More research is required to question and highlight instances across the educational continuum where Black boys and Black adolescent boys are flourishing, despite the barriers (Gaylord-Harden et al., 2018; Howard et al., 2016; Iruka et al., 2014). A strengths-based perspective requires researchers to ask questions such as: What is working well? At what stage of development? In what context? and For Whom? This shift may increase our understanding of strengths, protective factors, and solutions utilized by Black boys and men towards overcoming challenges to their educational success. Relatedly, while there are discipline disparity rates for Black boys, more questions are warranted regarding the protective factors which influence 80% of Black boys from elementary to high school who have not been suspended (U.S. DOE Office for Civil Rights, 2014). These questions must be asked early in the educational journey and continue throughout the life course as a means of accounting for evolving individuals, relationships, systems, and contexts. An accurate understanding of strengths requires researchers to incorporate considerations for the range of experiences, settings, and relationships Black boys and Black adolescent boys encounter. Uncovering elements that foster successful outcomes rather than solely examining problematic elements, may provide crucial knowledge for identifying resources and targeting critical supports. Framing these efforts within an intersectional framework can contribute to understanding the nuances of how systems of power work to influence schooling experiences for Black boys and Black adolescent boys (Nelson et al., 2015; Rogers et al., 2015).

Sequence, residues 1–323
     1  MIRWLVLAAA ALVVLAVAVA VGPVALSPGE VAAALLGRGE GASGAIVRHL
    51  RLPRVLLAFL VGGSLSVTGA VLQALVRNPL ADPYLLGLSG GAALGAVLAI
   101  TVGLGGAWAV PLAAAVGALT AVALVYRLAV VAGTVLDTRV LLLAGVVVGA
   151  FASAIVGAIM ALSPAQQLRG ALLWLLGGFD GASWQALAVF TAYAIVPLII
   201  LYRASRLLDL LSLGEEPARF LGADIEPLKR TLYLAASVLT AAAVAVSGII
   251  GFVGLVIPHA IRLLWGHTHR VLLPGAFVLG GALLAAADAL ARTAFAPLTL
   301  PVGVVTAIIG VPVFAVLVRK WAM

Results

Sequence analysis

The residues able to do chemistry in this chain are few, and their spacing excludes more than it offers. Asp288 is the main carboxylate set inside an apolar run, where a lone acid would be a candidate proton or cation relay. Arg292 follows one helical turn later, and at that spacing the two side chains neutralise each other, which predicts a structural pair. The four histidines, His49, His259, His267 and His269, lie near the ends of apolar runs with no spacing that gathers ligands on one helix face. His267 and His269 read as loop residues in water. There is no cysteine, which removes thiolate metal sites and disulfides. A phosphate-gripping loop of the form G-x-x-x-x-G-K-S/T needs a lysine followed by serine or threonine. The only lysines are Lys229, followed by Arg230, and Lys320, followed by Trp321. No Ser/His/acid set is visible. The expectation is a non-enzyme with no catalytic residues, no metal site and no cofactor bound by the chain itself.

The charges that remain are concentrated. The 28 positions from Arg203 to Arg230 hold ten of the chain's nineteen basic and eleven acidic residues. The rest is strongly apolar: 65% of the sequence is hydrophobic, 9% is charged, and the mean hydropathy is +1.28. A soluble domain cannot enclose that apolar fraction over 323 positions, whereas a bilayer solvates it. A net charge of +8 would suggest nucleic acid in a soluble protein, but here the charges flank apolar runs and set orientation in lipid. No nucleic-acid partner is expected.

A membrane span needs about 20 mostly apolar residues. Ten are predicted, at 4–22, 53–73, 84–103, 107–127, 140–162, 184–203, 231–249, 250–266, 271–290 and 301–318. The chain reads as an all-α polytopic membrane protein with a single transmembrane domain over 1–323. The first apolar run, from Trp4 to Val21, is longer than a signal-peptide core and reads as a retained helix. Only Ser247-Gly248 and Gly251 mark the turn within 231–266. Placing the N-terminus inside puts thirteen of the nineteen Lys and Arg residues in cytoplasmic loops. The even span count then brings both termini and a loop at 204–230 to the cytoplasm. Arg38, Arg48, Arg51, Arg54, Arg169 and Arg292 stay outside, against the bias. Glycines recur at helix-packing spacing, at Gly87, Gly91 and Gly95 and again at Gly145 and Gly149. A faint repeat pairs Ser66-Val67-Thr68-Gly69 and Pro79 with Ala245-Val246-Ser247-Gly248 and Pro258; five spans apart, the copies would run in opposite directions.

Understanding factors that promote resilience and positive development for Black boys and Black adolescent boys are vital as they are certain to face a myriad of obstacles across their lifespan both in and out of the educational context. Given schools are social systems, educators, families, and policymakers must understand how the cumulative realities of being educated in oppressive systems and encountering racist ideologies are often unconsciously internalized by Black boys, their non-Black peers, as well as those charged with supporting their educational development (Allen, 2015; Nasir et al., 2018). The communities and schools in which Black boys and Black adolescent boys are developing must be equipped to contextualize their experiences, nurture, and affirm their potential as they flourish. The use of life course and intersectionality theories to analyze the development of Black boys points toward an important shift in how educational stakeholders may provide support for a consistently marginalized population. Continuing discourses which underscore a contextual and stage-related perspective for supporting Black males while simultaneously focusing on their strengths, skills, and resilience may provide innovative new directions for educational research and the possibilities of Black boys in education.